Current Concerns and Electrodermal Reactivity: Responses to Words and Thoughts


  • The authors are indebted to a pilot study conducted by Jack McCullough, in which we developed many of the methods used in the present study, and to technical support by Hans Simonis.

Requests for reprints should be directed to Eric Klinger, Division of Social Sciences, University of Minnesota, Morris, MN 56267.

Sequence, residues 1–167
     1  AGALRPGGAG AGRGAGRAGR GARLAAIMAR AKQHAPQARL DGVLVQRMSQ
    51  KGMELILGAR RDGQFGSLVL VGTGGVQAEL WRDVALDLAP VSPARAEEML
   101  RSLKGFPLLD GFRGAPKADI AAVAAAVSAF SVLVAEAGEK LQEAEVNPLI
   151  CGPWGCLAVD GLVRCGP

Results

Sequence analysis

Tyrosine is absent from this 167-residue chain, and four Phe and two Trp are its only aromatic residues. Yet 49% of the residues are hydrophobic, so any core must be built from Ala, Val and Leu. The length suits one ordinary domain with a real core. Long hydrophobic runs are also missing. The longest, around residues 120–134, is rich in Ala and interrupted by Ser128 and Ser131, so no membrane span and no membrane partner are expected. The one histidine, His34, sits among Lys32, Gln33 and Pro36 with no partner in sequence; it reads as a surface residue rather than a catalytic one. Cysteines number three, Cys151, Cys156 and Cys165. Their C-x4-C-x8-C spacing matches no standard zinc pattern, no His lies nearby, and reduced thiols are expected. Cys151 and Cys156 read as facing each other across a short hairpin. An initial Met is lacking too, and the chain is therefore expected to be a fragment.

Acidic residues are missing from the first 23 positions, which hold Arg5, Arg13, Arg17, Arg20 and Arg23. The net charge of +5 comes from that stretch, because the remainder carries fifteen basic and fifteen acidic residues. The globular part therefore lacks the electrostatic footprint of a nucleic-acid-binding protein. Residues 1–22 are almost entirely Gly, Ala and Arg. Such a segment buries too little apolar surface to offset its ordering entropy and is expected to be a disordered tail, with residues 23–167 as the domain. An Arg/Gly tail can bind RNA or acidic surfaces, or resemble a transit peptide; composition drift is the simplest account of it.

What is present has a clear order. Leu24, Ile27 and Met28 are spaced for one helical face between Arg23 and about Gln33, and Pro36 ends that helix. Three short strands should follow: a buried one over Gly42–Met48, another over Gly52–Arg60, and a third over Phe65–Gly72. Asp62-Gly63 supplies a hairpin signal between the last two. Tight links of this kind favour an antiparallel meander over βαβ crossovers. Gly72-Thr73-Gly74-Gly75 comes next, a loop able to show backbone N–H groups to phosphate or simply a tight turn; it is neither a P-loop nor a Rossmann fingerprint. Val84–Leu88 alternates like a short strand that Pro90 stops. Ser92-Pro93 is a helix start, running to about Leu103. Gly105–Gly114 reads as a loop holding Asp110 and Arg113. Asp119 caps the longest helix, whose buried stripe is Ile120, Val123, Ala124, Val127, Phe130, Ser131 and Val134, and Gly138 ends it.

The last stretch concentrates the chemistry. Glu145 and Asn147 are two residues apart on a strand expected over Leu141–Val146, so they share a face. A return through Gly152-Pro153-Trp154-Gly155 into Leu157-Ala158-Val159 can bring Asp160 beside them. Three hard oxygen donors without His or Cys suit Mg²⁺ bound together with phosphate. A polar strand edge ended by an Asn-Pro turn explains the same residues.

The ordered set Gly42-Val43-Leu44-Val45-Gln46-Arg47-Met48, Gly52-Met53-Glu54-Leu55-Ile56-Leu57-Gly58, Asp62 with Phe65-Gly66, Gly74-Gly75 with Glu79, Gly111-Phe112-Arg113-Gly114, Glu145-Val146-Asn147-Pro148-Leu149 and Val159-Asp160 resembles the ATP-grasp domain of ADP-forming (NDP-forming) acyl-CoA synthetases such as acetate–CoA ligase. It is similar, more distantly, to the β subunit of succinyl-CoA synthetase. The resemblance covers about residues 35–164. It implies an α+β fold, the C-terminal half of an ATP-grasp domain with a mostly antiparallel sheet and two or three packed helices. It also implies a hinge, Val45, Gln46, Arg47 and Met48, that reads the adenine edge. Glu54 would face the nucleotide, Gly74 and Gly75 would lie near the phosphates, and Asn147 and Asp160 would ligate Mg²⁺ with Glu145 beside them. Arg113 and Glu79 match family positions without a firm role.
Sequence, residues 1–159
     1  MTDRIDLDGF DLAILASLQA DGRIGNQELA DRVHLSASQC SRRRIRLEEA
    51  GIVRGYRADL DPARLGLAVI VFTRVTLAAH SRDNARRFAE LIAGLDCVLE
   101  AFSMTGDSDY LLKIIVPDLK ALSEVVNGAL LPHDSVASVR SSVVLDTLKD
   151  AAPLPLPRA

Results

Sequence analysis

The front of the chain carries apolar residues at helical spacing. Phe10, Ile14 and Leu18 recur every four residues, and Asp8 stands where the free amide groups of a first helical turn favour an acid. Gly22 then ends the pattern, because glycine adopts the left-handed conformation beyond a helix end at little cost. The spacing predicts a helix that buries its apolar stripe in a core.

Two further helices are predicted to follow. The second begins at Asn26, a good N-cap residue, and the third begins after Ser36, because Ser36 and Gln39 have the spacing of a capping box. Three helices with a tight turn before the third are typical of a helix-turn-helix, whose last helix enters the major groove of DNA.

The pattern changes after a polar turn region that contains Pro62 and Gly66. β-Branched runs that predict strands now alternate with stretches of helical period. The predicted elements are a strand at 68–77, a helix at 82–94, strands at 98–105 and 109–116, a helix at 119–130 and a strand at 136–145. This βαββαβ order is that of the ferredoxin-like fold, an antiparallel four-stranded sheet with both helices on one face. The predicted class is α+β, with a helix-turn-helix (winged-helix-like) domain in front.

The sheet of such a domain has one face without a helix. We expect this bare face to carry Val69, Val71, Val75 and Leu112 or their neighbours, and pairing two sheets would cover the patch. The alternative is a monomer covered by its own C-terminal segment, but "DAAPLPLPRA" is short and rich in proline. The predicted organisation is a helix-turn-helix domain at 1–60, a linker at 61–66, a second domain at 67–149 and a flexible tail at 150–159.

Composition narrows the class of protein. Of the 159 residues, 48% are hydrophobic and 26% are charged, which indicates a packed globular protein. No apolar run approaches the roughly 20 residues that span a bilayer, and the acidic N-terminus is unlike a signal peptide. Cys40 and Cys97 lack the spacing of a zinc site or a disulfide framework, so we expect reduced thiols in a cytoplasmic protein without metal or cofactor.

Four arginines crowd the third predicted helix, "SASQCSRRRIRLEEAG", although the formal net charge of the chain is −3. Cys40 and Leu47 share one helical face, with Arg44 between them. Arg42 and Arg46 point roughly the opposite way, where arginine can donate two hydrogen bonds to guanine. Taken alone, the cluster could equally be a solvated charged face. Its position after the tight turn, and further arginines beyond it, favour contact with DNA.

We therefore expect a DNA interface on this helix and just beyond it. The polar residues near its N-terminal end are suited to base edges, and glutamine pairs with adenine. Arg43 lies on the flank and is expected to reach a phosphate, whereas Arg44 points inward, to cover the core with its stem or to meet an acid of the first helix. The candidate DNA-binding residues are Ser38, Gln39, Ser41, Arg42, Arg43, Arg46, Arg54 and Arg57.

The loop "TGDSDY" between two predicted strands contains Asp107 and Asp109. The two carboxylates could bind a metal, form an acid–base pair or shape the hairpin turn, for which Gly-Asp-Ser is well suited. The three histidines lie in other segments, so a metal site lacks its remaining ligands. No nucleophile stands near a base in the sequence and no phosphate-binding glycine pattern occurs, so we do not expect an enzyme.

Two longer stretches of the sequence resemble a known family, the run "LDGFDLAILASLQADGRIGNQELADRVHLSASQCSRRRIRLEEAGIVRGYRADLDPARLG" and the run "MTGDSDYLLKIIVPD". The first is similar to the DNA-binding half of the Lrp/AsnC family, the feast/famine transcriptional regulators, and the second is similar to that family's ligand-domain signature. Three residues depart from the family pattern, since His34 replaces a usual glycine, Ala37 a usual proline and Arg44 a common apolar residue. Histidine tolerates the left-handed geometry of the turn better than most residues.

ABSTRACT Previous research has found that subjects rate words that are closely related to their current concerns as affectively more arousing than other words. This investigation inquires whether a similar relationship occurs when arousal is measured electrodermally, and whether nonspecific (spontaneous) electrodermal activity is associated with self-generated thoughts about current concerns. In the first experiment, subjects listened to audiotaped sequences of three-word clusters associated with previously measured own current concerns or with concerns of others. Mean skin conductance responses were significantly larger for clusters related to subjects' own concerns than for those related to others' concerns, although many subjects contributing to this effect showed some awareness of the hypothesis. In the second experiment, thoughts that accompanied nonspecific skin conductance responses received significantly higher self-ratings for concern-relatedness and arousal than thoughts that occurred during electrodermal inactivity. In Experiment 3, they were rated higher for current-concern content and anxiety and lower for mental imagery and dormant-concern content than thoughts during electrodermal inactivity.